The addition of Fuel Pump Compensators to enhance power with After Market Turbo Systems:There is quite a debate raging about Diesel Fuel Pump Modifications as people strive for more power than is standard from their After Market Turbo Charged 4WD! One of the main reasons driving this topic though is misinformation from diesel pump shops promising a large increase in power in addition to the gain obtained from the turbo! I have put our views below in point form.*An Aneroid is a $1000 to $1800 addition to the existing injection pump. It is solely classified by the component manufacturer as a Pollution Control Device fitted to factory turbo diesels. *Contrary to this it is promoted by Diesel Injection shops as a performance device for after market turbo installations! What people dont understand is that the same heavy fuel loadings obtainable with an Aneroid installed to a Diesel Injection Pump can also be obtained easily at no cost without it!! *A correctly set up diesel injection system in conjunction with an After Market Turbo installation will perform nearly as well as the equivalent Factory Turbo vehicle. This is the way the After Market Turbo System has been developed and it should stay that way. The Turbo System should perform Stand Alone with no additions like large exhausts and fuel pump modifications.*An Aneroid fitted to the injection pump of an After Market Turbo diesel makes it magically outperform a factory turbo equivalent safely. The reason for this is obvious- Over fuelling above the recommended levels UNSAFELY!*Over fuelling outside the Aftermarket Turbo System Manufacturers Specs may mean more power but this is unsafe for the engine.*The addition of an Aneroid to a fuel pump is not accepted by most aftermarket turbo manufacturers as it promotes over fuelling which in turn can create a huge reliability cloud over their product!*All After Market Turbo System Warranties become Void if a pump is modified outside the said After Market Manufactures specs! Just remember this if you have New Vehicle Warranty being covered by the After Market Turbo Manufacturer like DynamicTurboSystems does. You will lose your coverage!*The usual argument by the pump shop trying to sell an Aneroid as an addition to a turbo installation is that the engine will run smoother and produce better efficiency. As we say it has no relation to smoothness and the efficiency phrase is a catch!*The biggest concern is, What specification is the Aneroid set to? Again the usual story given to a potential customer by the diesel pump shop is that it is set to factory fuel specs. For starters there are NO factory fuel specs for After Market Turbo installations supplied by either the Original Vehicle Manufacturer or the After Market Turbo Manufacturer. Secondly the fuel spec that the diesel pump shop usually is talking about is the Genuine Factory turbo specs for fuel loadings. This is a real worry as the Factory turbo is usually a completely different combustion system with much more durable pistons to cope with heavy fuel loadings. To set up an After Market Turbo to match these fuel loadings would lead to an obvious eventual outcome! A damaged engine. Unfortunately this damage is not short term. It happens over time and usually rears its ugly head gradually. *The only Specifications supplied by Turbo System manufacturers are Boost Pressure, Air/Fuel ratios and Exhaust Temperatures (No engine output figures are ever supplied)! These were obviously not developed with a Fuel Pump Aneroid and so could not accurately be used with one!*At the end of the day it is a fact that if the fuel loadings are kept within the After Market Turbo Manufacturers specifications via Boost and Exhaust readings you will not only keep your warranty (which will most likely become Void if an Aneroid is fitted) you will have your diesel engine for the long term!!This leads to the next common area of misinformation: Dyno Tuning.*A Dyno is a device used for measuring power output at the wheels.*They are a being pushed as a real must have in the automotive scene of late as workshops compete for a selling edge. If you dont have one you must not know what you are doing is often the sales pitch used.* The truth is that they are not a must have. The real fact is that they are required more by suburban workshops due to the fact that they have no real road test areas! And again the Bells and Whistles must be good??*Real on road driving experience with test gear (air/fuel ratio meter - boost gauge) attached to the 4WD is the only way to obtain a true indication of the real operating conditions. An example of this is looking at factory development of vehicles and race vehicle testing. At the end of the day it is km after km of road testing that seals the job.*Smudging of dyno figures. Dyno figures can be smudged to give a false impression of gains. This is noted by us in the number of 4WD diesels we have seen through our workshop with impressive dyno figures but in the true world, lack lustre performance! It is even admitted by Dyno manufacturers.*Again no 4WD manufacturer or After Market Turbo manufacturer supplies rear wheel dyno figures to set things to. So question the workshop if they say they are setting the power output to a given figure. It might be well intentioned to set up a 4WD based on rear wheel output but identical 4WD diesel engines are slightly different from one to the next and even atmospheric conditions play a varying factor.In summary it pays be educated in making decisions in life. The Diesel Experts ( see http://www.thedieselexperts.com ) are here to educate and have been for many years. With the amount of misinformation out there on diesel and turbo charging diesels we feel obliged to inform you of the facts.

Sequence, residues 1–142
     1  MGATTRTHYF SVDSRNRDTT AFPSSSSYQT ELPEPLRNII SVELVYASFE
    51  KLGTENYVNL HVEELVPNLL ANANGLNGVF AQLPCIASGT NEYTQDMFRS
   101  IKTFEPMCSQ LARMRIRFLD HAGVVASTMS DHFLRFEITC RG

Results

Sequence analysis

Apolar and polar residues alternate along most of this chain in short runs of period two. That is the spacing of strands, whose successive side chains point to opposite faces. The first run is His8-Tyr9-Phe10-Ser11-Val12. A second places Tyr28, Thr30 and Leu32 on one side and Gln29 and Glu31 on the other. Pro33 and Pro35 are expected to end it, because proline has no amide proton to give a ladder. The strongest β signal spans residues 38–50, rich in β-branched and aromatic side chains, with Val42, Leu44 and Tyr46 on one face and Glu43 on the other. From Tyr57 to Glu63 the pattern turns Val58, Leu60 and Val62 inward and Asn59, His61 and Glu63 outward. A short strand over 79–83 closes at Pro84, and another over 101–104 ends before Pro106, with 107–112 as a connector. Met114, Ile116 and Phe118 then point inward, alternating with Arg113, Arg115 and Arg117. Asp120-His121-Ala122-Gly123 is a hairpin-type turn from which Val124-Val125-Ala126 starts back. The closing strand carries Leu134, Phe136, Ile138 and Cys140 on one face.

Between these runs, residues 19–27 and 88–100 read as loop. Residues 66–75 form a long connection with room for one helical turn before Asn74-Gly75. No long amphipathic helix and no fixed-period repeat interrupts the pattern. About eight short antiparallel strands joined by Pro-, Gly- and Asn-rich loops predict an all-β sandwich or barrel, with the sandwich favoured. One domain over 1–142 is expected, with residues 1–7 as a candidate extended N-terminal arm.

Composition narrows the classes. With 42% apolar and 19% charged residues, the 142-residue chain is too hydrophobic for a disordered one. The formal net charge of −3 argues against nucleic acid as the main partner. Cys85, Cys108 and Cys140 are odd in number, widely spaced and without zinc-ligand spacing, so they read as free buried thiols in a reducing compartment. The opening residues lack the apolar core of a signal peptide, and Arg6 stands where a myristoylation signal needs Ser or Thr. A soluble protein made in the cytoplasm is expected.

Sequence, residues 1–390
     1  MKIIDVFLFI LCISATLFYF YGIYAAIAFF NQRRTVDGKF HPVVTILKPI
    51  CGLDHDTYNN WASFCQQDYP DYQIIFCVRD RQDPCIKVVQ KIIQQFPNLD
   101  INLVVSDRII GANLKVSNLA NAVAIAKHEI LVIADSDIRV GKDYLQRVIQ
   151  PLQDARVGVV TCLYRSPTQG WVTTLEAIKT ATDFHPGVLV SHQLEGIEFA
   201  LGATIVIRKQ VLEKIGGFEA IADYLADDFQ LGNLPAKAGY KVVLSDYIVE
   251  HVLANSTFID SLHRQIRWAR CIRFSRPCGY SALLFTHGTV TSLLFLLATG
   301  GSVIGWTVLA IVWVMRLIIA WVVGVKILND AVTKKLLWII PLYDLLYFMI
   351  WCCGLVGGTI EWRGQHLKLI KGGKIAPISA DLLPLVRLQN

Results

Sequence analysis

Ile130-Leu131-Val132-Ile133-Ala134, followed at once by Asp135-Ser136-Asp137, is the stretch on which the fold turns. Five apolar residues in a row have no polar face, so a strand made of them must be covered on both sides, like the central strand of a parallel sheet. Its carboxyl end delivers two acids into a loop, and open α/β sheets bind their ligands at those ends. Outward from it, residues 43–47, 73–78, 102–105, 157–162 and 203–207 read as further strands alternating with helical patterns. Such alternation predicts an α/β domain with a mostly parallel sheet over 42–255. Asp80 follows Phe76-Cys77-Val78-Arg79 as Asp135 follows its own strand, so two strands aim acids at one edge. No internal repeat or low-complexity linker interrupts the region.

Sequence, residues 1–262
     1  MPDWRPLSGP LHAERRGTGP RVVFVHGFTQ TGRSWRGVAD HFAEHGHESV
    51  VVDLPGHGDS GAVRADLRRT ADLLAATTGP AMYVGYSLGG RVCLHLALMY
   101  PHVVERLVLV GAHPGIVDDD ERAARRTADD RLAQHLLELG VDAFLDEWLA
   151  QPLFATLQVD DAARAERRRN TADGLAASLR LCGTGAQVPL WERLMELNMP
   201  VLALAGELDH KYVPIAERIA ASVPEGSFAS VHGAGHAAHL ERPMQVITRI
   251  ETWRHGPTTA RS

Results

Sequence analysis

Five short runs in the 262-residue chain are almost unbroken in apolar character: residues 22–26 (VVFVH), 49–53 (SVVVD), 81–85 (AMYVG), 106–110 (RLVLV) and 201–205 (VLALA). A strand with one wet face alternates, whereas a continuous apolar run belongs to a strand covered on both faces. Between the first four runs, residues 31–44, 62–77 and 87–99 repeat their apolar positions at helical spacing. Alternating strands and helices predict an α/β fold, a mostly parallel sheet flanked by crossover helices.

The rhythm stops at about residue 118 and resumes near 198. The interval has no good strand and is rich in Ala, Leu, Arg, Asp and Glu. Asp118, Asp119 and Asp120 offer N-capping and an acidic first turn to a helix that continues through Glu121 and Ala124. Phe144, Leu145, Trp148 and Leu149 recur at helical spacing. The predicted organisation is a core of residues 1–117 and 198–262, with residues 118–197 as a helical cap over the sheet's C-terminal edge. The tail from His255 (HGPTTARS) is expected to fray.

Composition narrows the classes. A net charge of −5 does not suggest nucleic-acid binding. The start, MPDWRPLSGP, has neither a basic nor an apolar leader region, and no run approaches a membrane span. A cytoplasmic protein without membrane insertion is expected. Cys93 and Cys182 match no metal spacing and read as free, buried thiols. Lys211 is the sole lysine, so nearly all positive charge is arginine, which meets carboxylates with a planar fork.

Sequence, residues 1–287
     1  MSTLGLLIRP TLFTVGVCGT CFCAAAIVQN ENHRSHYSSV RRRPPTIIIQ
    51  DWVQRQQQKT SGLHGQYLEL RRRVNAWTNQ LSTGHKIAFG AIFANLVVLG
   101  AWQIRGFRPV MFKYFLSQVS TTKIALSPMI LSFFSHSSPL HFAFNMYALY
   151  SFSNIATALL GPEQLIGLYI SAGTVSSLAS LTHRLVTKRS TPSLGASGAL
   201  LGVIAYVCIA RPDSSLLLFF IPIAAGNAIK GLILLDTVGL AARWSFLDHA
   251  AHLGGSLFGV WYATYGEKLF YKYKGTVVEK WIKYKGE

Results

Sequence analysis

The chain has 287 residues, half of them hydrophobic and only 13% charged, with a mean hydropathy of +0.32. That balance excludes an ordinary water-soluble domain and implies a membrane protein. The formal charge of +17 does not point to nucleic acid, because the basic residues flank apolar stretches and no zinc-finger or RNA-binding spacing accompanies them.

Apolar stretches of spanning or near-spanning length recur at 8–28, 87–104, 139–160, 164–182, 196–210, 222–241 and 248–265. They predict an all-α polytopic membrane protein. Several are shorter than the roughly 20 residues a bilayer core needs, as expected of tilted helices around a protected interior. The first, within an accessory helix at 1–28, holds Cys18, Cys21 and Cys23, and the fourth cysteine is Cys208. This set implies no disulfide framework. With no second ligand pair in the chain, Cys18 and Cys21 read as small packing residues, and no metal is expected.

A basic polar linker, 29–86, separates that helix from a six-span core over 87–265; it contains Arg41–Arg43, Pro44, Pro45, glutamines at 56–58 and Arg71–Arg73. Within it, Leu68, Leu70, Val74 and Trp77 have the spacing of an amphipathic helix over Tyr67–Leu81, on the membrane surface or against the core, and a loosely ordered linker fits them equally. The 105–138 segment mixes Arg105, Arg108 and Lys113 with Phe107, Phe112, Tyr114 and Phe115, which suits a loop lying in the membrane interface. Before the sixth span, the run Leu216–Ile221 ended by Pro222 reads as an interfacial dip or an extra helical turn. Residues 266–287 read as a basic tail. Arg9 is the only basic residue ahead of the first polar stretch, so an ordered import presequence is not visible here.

If you have are in love with your bike, chances are you will be very, very particular about what sort of exhaust pipes you use. The right ones can make your machine look and feel like a million dollar baby or make it a design nightmare.The motorcycle exhaust pipe has a very definite role to play in the dynamics of a bike. It directs the gases that come out of the combustion chamber, away from the machine and therefore the rider. Where do these gases come from and why is it important that they be directed away?The combustion engine in a motorcycle creates a series of explosions that propel the bike forward. Since we are talking of explosive combustion, we are talking of noise and exhaust gases. Now if these gases were thrown out straight from the exhaust port, you would have a problem on your hands. The front tyres would gradually melt under the heat and whats more, your machine would sound like a disgruntled missile.That is why bike manufacturers design the exhaust pipes carefully. These pipes take the emitted gas away from the exhaust port, pass them through what we call a muffler or a silencer and then throw them away behind the bike, away from the rider. By the time the gases pass out of the exhaust, they have already cooled off and there is little chance of any unwanted combustion.The technology used to silence the explosive gases is simple. The gases flow at a great speed into the motorcycle exhaust pipes, which are narrow. Then they enter the muffler, which has more space. As the gases expand into the body of the muffler, they slow down and lose some of the sound energy. There are perforated baffles in the muffler that reduce the noise further. So, by the time the gases emerge from the motorcycle exhaust pipes, the noise has been cut down to a reasonable level. It is also important to remember that a good exhaust design can increase the usable power generated by your bikes engine. Typically, motorcycle exhausts are of two kinds: the full exhaust system and the slip-on system. The full exhaust system connects the pipes to the head of the engine while the slip-on exhaust connects them to the opening where the muffler is. The former is ideal for those who run their machine at full throttle over long distance. The slip on exhaust system is usually used for street bikes. This allows a little more acceleration from the bike.